It's common knowledge that seniors must engage in regular physical activity as they get older to maintain wellness. But many find that brisk exercise is rough on the joints and opt to take on light workouts, such as yoga and swimming. But experts are now suggesting that older adults amp up their exercise routines to incorporate more intensive activities.

According to New Straits Times, adults turning 50 may benefit from adjusting their workout routines to focus more on building muscle mass. As the body ages, the joints become stiffer, the ability to recover from injury decreases and seniors tend to experience a loss in lean muscle. For instance, women who don't practice resistance training can lose up to 10 pounds every 10 years in lean body mass alone. However, the body is capable of building muscle into your 90s. So, it's not only important to maintain lean mass as you get older, but it's also an entirely reachable goal.

Seniors may want to consider altering their daily exercise activities to include strength training. Try lifting weights, which not only tones and enhances the muscles but also improves posture and can help decrease your chance of an injury to the lower back. If you're new to the exercise, start out with a hand weight that's easy to grasp and doesn't cause strain to lift. Add more repetitions and weight as you build strength.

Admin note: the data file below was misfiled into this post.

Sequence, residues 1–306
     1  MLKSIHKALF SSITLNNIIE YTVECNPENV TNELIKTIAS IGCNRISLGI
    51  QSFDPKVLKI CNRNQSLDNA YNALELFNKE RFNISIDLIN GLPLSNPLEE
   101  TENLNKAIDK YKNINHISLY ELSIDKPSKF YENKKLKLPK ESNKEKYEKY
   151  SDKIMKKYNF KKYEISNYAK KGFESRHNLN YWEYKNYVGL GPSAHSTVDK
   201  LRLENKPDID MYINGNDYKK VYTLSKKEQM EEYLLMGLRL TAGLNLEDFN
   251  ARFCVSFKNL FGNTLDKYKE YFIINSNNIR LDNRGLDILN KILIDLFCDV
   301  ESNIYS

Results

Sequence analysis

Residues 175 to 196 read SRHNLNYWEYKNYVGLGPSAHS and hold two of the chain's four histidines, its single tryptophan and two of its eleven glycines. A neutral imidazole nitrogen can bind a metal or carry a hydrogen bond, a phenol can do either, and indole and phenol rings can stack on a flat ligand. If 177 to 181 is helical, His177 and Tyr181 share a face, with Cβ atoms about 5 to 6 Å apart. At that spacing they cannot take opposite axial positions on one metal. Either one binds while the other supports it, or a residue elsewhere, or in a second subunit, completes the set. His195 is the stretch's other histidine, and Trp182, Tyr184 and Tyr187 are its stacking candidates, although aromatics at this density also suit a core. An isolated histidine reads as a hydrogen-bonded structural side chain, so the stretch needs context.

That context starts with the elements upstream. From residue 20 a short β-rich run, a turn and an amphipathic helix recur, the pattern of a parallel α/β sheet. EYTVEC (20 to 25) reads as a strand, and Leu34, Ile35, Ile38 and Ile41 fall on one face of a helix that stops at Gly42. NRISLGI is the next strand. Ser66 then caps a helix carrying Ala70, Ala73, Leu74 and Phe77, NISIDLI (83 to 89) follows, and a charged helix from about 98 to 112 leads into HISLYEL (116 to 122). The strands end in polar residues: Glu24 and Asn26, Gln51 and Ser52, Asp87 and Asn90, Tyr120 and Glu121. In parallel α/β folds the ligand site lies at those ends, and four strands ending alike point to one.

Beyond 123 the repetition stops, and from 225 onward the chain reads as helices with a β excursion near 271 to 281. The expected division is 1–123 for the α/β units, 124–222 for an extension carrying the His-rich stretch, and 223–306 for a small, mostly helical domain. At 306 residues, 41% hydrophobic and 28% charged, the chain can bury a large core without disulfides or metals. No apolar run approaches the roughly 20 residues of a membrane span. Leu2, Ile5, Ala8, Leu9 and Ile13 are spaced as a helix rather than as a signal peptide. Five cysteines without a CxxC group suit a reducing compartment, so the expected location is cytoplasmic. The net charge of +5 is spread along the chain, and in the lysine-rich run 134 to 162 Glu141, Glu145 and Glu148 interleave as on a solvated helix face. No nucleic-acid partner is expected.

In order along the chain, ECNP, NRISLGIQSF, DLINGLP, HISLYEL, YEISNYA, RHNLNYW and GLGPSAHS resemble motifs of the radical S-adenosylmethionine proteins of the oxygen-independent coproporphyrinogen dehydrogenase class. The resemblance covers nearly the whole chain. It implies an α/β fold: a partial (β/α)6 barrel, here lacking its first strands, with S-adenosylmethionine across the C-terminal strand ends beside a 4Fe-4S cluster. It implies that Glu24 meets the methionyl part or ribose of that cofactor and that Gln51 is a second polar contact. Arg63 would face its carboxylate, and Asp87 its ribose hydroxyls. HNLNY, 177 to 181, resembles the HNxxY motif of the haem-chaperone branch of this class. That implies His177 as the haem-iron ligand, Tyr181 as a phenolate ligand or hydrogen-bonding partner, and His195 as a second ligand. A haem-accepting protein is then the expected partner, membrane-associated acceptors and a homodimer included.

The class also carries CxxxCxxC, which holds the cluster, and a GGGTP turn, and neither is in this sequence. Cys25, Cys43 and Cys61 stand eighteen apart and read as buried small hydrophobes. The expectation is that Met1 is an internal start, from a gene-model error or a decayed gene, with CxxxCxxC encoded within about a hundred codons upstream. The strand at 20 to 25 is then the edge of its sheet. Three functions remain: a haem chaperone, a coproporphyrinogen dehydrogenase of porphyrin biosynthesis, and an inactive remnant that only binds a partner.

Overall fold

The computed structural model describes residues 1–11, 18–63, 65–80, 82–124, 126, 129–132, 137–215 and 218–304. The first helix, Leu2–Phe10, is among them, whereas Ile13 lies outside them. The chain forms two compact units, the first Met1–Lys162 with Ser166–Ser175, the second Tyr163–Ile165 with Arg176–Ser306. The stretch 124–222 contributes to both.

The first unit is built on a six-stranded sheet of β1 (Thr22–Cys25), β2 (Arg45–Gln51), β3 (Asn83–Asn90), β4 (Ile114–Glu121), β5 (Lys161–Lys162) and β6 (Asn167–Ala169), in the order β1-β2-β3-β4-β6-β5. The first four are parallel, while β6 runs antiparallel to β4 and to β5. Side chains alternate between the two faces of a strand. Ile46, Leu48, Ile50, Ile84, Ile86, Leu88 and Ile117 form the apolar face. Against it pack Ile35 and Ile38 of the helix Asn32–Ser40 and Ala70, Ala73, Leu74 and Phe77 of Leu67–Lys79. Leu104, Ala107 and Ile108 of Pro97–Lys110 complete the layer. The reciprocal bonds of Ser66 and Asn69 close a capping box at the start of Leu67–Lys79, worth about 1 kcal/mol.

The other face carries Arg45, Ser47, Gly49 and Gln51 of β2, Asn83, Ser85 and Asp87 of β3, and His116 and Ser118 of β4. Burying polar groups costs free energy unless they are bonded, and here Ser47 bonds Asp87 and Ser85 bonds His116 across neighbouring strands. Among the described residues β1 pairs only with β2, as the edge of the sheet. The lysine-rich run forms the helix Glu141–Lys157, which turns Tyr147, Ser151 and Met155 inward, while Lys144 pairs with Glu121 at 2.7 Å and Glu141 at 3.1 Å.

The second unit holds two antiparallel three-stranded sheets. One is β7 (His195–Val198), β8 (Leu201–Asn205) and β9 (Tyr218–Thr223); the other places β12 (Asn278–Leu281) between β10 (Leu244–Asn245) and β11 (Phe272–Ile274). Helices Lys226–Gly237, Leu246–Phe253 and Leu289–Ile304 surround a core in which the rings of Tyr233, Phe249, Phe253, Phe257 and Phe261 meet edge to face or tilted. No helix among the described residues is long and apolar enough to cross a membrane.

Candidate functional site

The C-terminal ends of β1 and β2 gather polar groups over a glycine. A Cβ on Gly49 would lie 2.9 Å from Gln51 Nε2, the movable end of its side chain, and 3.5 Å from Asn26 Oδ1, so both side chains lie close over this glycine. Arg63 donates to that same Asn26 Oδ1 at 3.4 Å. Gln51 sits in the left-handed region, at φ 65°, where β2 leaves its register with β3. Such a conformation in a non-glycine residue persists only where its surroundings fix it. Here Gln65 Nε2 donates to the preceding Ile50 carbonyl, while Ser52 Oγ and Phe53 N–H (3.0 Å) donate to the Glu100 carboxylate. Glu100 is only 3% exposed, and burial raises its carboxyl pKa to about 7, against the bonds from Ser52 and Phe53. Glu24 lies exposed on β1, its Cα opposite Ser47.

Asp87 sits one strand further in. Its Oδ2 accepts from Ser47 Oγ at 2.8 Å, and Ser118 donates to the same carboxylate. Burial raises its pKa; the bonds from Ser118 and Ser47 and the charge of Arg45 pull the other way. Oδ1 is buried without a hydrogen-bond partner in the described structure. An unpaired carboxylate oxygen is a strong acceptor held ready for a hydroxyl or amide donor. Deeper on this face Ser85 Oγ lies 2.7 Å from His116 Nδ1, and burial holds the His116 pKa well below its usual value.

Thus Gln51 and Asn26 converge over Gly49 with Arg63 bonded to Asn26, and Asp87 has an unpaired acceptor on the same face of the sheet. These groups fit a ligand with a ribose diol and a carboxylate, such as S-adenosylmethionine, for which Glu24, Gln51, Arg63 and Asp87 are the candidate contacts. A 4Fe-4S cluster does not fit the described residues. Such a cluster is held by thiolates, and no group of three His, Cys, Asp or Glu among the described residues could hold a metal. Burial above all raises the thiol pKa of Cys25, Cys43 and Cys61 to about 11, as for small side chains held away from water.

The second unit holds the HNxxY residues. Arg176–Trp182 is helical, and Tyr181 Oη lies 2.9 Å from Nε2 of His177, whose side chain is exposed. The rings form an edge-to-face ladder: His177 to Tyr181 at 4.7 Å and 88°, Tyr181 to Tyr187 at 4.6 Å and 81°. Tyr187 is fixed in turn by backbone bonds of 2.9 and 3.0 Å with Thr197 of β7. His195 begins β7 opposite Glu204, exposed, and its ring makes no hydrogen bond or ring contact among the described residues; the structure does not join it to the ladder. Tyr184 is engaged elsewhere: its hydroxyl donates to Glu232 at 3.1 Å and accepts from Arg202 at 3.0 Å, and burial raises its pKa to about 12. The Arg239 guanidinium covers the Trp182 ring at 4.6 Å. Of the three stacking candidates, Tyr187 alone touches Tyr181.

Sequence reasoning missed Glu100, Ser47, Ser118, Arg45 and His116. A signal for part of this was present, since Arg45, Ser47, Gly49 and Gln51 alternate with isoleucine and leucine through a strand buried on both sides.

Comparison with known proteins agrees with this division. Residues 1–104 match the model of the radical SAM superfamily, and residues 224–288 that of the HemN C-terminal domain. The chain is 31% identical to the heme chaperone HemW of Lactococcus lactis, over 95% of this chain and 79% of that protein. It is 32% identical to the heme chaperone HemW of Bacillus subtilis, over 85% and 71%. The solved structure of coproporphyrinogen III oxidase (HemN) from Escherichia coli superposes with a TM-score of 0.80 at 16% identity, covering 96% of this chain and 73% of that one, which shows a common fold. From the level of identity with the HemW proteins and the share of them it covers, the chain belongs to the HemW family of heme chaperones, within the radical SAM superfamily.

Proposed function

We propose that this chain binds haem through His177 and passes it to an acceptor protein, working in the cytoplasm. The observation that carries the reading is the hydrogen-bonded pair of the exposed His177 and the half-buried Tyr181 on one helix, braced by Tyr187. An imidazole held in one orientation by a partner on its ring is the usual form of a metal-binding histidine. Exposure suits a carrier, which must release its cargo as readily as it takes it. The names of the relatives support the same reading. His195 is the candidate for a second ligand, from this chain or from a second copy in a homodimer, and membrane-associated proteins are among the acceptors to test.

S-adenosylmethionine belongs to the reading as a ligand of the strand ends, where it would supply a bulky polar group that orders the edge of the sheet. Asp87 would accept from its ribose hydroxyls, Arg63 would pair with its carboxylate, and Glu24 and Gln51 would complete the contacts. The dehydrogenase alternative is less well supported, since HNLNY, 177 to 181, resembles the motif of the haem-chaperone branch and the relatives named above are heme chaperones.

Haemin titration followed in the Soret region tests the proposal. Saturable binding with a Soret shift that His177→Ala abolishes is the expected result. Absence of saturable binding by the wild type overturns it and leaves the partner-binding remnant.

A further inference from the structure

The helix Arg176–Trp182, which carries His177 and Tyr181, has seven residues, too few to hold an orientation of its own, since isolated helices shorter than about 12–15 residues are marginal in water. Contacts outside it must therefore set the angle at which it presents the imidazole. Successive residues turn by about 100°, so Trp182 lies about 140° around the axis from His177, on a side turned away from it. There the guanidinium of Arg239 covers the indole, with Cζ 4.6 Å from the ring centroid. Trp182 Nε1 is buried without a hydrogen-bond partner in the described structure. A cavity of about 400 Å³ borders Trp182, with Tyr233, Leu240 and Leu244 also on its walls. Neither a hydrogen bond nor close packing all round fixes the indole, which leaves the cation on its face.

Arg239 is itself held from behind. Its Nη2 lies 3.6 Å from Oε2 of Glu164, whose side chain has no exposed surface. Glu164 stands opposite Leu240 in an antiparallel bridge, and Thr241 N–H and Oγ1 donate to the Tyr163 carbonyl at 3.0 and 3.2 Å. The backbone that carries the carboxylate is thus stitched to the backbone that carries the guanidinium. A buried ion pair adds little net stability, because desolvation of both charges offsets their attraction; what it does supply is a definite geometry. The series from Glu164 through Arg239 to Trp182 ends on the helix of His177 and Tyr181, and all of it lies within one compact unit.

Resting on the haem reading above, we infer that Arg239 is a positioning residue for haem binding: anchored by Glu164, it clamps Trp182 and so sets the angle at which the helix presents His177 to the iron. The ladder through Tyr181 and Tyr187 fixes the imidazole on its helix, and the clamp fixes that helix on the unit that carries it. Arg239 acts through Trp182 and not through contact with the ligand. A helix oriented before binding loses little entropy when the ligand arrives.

While muscle building is a key tool for wellness as a senior, cardiovascular training is also essential. Aerobics such as walking, dancing and jogging help reduce weight and work the large muscles in the body. Be sure not to push yourself too hard – intensive movements like high jumps can lead to injury. Additionally, when engaging in physical activity, you should be able to pass the "talk test" (being able to carry on a conversation while exercising). Seniors should keep in mind that older adults typically need more time to warm up and cool down after exercising, so ample stretching before and after working out are necessary.

Experts believe that, along with increasing energy and leading to a more toned body, these forms of brisk physical activity can potentially offset the physiological changes that tend to come with aging, and they may reduce the risk of chronic diseases.